More than a quarter of criminals cautioned or convicted for knife offences in Lancashire have already been caught carrying a blade.
New Ministry of Justice data reveals that Lancashire Police took action against 482 people in the 12 months to September 2018, either for possession of a knife as a weapon or threatening someone with one.
Of those 135, or 28 per cent, had at least one previous offence for carrying a knife, and 27 of the criminals had three or more past offences.
That figure has increased by 11 per cent since 2014-15, when 122 of those successfully prosecuted had reoffended. Police bosses say this could be down to improved identification techniques.
Patrick Green, chief executive of anti-knife charity the Ben Kinsella Trust, said the figures were "deeply depressing" and showed enforcement cannot prevent knife crime on its own.
"This indicates we cannot rely solely on prison if we are going to tackle the small but significant number of habitual reoffenders.
"These are people who are stuck in a spiral of violent crime."
Mr Green said treating knife crime as a public health issue, which is beginning to be adopted in some parts of the country, could start to tackle the “underlying causes of knife crime”.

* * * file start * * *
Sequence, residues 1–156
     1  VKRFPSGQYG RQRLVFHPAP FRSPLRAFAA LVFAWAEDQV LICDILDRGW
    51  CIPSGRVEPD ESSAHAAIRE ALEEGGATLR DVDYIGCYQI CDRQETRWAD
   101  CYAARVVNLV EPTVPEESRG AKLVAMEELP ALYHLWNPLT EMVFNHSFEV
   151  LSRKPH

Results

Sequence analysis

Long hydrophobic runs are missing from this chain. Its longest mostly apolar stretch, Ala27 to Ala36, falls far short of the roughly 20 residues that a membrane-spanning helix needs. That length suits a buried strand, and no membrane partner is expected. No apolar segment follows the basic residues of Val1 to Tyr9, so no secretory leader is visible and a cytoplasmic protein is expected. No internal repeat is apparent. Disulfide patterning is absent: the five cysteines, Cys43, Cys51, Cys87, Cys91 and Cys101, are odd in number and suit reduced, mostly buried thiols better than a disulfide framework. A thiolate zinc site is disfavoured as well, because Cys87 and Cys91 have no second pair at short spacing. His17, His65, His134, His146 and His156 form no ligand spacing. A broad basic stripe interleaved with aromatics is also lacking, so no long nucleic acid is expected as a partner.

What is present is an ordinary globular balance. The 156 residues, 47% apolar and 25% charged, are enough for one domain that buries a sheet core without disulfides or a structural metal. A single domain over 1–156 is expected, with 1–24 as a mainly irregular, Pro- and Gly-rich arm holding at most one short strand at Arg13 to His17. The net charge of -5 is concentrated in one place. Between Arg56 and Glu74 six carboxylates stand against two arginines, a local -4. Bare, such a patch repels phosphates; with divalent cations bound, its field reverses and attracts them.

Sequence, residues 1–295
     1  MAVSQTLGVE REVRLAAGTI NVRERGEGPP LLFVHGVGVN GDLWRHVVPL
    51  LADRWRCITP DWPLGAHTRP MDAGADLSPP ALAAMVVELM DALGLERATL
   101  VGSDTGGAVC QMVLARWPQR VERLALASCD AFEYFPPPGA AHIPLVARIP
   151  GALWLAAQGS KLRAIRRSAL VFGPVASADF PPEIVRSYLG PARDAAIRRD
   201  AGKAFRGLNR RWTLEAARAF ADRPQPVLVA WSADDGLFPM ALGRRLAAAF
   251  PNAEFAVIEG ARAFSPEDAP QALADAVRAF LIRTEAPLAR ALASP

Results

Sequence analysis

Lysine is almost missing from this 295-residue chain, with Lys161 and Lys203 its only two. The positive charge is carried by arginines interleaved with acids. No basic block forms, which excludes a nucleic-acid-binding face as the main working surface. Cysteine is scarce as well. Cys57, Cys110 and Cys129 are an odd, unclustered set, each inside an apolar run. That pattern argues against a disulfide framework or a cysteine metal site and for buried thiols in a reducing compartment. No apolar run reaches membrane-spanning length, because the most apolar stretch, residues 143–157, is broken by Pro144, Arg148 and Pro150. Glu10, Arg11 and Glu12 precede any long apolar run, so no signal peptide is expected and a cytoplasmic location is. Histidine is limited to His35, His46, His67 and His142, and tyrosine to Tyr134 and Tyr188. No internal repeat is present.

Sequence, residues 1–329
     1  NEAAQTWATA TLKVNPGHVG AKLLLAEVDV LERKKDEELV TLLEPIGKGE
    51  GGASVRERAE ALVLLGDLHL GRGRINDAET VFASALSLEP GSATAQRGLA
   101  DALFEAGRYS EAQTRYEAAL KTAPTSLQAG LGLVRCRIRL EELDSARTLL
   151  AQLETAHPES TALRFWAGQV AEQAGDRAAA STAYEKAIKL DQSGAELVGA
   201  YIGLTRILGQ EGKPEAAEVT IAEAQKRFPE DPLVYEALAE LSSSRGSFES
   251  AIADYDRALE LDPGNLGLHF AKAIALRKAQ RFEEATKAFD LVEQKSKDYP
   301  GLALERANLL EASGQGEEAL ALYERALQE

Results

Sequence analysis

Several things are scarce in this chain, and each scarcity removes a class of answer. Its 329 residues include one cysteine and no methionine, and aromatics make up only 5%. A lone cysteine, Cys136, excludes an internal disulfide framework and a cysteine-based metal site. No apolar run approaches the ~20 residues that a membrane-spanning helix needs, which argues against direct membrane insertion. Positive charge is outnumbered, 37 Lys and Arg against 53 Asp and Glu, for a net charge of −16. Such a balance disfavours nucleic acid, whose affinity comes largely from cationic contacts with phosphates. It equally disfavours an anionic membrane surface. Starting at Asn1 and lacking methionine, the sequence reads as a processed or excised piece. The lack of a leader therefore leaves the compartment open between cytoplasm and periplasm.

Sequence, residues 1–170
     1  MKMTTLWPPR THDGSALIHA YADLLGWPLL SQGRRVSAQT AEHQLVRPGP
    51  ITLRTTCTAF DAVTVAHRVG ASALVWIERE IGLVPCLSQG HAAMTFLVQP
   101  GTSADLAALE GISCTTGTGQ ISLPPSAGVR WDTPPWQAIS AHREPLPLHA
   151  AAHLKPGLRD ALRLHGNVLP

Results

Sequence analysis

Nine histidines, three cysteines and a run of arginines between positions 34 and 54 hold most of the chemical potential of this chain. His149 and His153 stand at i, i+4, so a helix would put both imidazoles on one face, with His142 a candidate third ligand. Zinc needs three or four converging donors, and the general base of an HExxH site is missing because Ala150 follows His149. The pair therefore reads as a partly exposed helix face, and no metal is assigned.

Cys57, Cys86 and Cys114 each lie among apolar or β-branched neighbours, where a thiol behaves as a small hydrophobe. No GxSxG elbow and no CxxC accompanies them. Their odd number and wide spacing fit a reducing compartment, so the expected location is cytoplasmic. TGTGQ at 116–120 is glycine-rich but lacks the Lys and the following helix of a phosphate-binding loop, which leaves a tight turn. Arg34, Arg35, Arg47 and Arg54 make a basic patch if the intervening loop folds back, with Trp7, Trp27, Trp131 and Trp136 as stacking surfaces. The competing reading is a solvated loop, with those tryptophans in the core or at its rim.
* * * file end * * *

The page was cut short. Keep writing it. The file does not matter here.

Across England and Wales, the number of reoffenders increased by 35 per cent over the past three years.
In Lancashire, in 2017-18, 77 children were charged with knife offences. This was a 13 per cent rise on 2014-15.
Mr Green continued: “I’m confident that a public health approach will work, it will stop the next youngsters getting caught in the cycle of violent crime.
“It won’t work immediately, but given time, as we’ve seen in Glasgow and US cities, if it’s properly funded it can be successful.”
Overall 25 per cent more people were cautioned or convicted by Lancashire Police for knife offences in 2017-18, compared with the previous 12 months.
The vast majority were for possession offences, while 41 were charged with making threats with a knife.
A total of 173 offenders were sent to prison, 120 were given community orders and 48 received a caution.
Across England and Wales, in the year to September, 21,381 cases were dealt with by the criminal justice system, the highest number since 2010. In one in five cases, offenders were aged under 18.
The MoJ report said offenders are now more likely to receive a custodial sentence for knife and offensive weapon offences.
Justice minister Rory Stewart said: "Knife crime has devastating consequences on families, children and communities. Offenders simply cannot go unpunished.
"These figures show we are catching and prosecuting more of those carrying knives and other weapons, and sending them to prison for longer.
"But we must do more, and through the Government's Serious Violence Strategy we are working to prevent young people from ever picking up a knife in the first place."